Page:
Distributed control in multi agent systems design and analysis
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Distributed Control in Multi-agent Systems: Design and Analysis. Kristina Lerman Aram Galstyan Information Sciences Institute University of Southern California. Design of Multi-Agent Systems. Multi-agent systems must function in Dynamic environments Unreliable communication channels

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Distributed Control in Multi-agent Systems: Design and Analysis

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Distributed Control in Multi-agent Systems: Design and Analysis

Kristina Lerman

Aram Galstyan

Information Sciences Institute

University of Southern California

Design of Multi-Agent Systems

Multi-agent systems must function in

Dynamic environments

Unreliable communication channels

Large systems


Simple agents

No reasoning, planning, negotiation

Distributed control

No central authority

Advantages of Distributed Control

  • Robust

    • tolerant of agent error and failure

  • Reliable

    • good performance in dynamic environments with unreliable communication channels

  • Scalable

    • performance does not depend on the number of agents or task size

  • Analyzable

    • amenable to quantitative analysis

Analysis of Multi-Agent Systems

Tools to study behavior of multi-agent systems

  • Experiments

    • Costly, time consuming to set up and run

  • Grounded simulations: e.g., sensor-based simulations of robots

    • Time consuming for large systems

  • Numerical approaches

    • Microscopic models, numeric simulations

  • Analytical approaches

    • Macroscopic mathematical models

    • Predict dynamics and long term behavior

    • Get insight into system design

      • Parameters to optimize system performance

      • Prevent instability, etc.

DC: Two Approaches and Analyses

  • Biologically-inspired approach

    • Local interactions among many simple agents leads to desirable collective behavior

    • Mathematical models describe collective dynamics of the system

      • Markov-based systems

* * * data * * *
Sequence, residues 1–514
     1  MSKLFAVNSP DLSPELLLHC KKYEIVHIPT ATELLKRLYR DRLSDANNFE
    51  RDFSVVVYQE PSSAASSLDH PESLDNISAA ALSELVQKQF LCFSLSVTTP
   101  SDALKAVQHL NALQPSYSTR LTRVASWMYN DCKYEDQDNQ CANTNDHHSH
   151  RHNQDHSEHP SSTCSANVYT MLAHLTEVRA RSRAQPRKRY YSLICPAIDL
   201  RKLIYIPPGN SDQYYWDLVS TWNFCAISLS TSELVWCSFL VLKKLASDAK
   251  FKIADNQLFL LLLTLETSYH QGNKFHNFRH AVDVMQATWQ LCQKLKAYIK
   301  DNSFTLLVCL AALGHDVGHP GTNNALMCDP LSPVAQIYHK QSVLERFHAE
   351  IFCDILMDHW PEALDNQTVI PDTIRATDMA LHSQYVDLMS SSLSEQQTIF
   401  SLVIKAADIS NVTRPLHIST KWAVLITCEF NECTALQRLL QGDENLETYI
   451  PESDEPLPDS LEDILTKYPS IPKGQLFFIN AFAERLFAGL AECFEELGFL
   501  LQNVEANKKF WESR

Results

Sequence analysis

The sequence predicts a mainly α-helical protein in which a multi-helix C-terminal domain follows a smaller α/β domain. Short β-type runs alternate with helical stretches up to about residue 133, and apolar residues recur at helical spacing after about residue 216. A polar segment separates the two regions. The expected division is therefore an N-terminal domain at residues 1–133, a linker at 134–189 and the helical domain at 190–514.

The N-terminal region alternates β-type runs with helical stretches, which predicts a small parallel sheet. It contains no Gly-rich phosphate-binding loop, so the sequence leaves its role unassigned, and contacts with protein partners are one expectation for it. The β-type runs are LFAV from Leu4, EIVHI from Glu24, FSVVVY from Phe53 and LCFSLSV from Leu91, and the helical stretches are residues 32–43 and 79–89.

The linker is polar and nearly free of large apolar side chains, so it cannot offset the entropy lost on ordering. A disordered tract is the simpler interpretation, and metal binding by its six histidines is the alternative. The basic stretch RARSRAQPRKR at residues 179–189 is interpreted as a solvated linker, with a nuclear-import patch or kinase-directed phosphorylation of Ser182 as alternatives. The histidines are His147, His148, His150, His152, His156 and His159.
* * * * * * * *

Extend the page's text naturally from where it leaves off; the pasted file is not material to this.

• Application: collaboration, foraging in robots

  • Market-based approach

    • Adaptation via iterative games

    • Numeric simulations

    • Application: dynamic resource allocation

Biologically-Inspired Control

Analysis of Collective Behavior

Bio control modeled on social insects

  • complex collective behavior arises in simple, locally interacting agents

    Individual agent behavior is unpredictable

  • external forces – may not be anticipated

  • noise – fluctuations and random events

  • other agents – with complex trajectories

  • probabilistic controllers – e.g. avoidance

    Collective behavior described probabilistically

Some Terms Defined

  • State - labels a set of agent behaviors

    • e.g., for robots Search State = {Wander, Detect Objects, Avoid Obstacles}

    • finite number of states

    • each agent is in exactly one of the states

  • Probability distribution

    • = probability system is in configuration nat time t

    • where Ni is number of agents in the i’ th of Lstates

Markov Systems

  • Markov property: configuration at time t+Dtdepends only on configuration at time t

  • also,

  • change in probability density:

Stochastic Master Equation

In the continuum limit,

with transition rates

Rate Equation

Derive the Rate Equation from the Master Eqn

  • describes how the average number of agents in state k changes in time

  • Macroscopic dynamical model

Collaboration in Robots

Stick-Pulling Experiments (Ijspeert, Martinoli & Billard, 2001)

  • Collaboration in a group of reactive robots

    • Task completed only through collaboration

    • Experiments with 2 – 6 Khepera robots

    • Minimalist robot controller

A. Ijspeert et al.

Experimental Results

  • Key observations

  • Different dynamics for different ratio of robots to sticks

  • Optimal gripping time parameter

State diagram for a

multi-robot system

Flowchart of robot’s controller

Ijspeert et al.

look for sticks



















grip & wait


time out?







Model Variables

  • Macroscopic dynamic variables

    Ns(t)= number of robots in search state at time t

    Ng(t)= number of robots gripping state at time t

    M(t)= number of uncollected sticks at time t

  • Parameters

    • connect the model to the real system

      a= rate of encountering a stick

      aRG= rate of encountering a gripping robot

      t= gripping time

find & grip sticks

successful collaboration

unsuccessful collaboration

for static environment

Initial conditions:

Mathematical Model of Collaboration

Dimensional Analysis

  • Rewrite equations in dimensionless form by making the following transformations:

    • only the parameters b and t appear in the eqns and determine the behavior of solutions

  • Collaboration rate

    • rate at which robots pull sticks out

Searching Robots vs Time






Collaboration Rate vs t

Key observations

  • critical b

  • optimal gripping time parameter




Comparison to Experimental Results

Ijspeert et al.

Summary of Results

  • Analyzed the system mathematically

    • importance of b

    • analytic expression for bc and topt

    • superlinear performance

  • Agreement with experimental data and simulations

Foraging in Robots

Robot Foraging